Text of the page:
Key Performance Indicators (KPI’s) are essential in measuring fundamental objectives and targets in the call center industry. Typically, managers know the importance of analyzing these contact center KPI’s but oftentimes put emphasis on the wrong one’s or overload their agents with too many.
In an ideal world, managers would take the time to evaluate the nature of their call center before deciding on the appropriate metrics and objectives to implement. Each industry, company, and department has different needs which means that there is no ‘one size fits all’ solution to adhere to. Each situation should be treated as a unique case and each metric should be defined with objectives that make sense to the agent.
Additionally, the performance metrics chosen should be in accordance to your business requirements. For instance, if your call center serves clients who are in need of a fast and urgent service then, the KPI’s that you choose should reflect and comply with this obligation.
Another important concept to keep in mind is that KPI’s are not standalone - they are best used ‘blended’. All the KPI’s implemented are interconnected and have a cause and effect relationship. Each and every KPI used should serve to push the agents towards one common goal as opposed to creating hectic confusion.
According to a study conducted by Holman, Chissick, and Totterdell, monitoring agent performance can play a positive role in improving their job satisfaction but only when it is, “seen to be part of a broader system aimed at improving employees’ skills and abilities” (Holman, Chissick, and Totterdell, 2002). In fact, their research has shown that a high intensity of monitoring can have adverse effects on agent behaviour and motivation and can actually lead to increased anxiety and depression. Therefore, it is recommended that managers choose performance indicators wisely. KPI’s need to be few in number, clear and purposeful in order to make sure that agents understand and are able to achieve their objectives.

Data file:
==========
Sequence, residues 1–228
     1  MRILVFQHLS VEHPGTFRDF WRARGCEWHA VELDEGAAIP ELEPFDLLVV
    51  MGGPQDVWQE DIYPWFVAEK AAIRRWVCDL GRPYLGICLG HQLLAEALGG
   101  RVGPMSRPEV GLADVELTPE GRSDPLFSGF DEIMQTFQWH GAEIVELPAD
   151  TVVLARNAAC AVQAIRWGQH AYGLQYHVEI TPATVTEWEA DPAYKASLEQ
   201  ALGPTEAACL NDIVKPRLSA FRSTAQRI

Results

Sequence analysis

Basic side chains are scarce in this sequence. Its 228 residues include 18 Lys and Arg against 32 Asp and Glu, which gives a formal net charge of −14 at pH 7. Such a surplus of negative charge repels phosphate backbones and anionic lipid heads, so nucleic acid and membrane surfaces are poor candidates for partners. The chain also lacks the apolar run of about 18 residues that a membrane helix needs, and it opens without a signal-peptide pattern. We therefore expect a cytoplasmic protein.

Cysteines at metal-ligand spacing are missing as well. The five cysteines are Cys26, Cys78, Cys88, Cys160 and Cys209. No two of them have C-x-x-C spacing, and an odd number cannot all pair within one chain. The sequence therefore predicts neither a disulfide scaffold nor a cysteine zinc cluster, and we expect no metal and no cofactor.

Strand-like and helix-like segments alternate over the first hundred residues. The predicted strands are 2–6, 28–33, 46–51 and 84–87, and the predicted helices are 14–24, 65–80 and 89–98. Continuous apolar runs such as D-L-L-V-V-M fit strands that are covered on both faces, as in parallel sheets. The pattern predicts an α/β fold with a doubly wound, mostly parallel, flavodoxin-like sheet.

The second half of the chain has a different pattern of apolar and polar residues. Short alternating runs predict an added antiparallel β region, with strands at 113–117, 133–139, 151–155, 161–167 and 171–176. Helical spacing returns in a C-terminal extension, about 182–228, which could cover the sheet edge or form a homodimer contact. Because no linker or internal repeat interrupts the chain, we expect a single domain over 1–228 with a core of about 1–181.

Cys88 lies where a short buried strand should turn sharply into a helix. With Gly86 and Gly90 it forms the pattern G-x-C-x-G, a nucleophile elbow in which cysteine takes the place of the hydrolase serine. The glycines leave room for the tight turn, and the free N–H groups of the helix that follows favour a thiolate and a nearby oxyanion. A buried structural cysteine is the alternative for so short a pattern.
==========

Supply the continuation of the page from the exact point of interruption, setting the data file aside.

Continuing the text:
nGUVU suggests that managers focus on 5 main KPI’s for their inbound contact center. The following are the most common and popular KPI’s that we’ve seen and suggest you take into consideration when evaluating the KPI needs for your respective call centers:
Adherence: Are your agents working the time that they’re scheduled to work? If your agents are not respecting their agendas then you can be sure that your customers are not getting served in time either.
Average Handle Time: AHT is a significant tool to learn from. It’s important to keep track of your agent’s performance for this metric in order to assess who needs more training and coaching.
Quality: The quality of service should be determined based on the needs of your business. Managers should set a quality target that is achievable by the agents and that responds to the customer’s expectation on the other end of the line, making sure that each customer receives perfect service every time they call.
First Call Resolution: When customers receive the correct response on their first call, it reflects positively on your call center. A good FCR score indicates that your agents are knowledgeable and motivated to help callers resolve their issues. The higher the FCR rate is, the more productive your call center will be as agents have more time to respond to future concerns.
Average Speed of Answer: Customers waiting in long queues is detrimental to your contact center’s success. Managers need to be able to measure how long it takes for an agent to respond to a client in order to determine if changes need to be made to the entire process.
Although these 5 KPI’s are important, they might not be exactly what your contact center requires. Managers should always evaluate the state of their call center before deciding on the metrics that they want to track. In brief, managers need to analyze the needs of their contact center and choose few indicators that will make the greatest impact on the well-being of their employees and the satisfaction of their customers.
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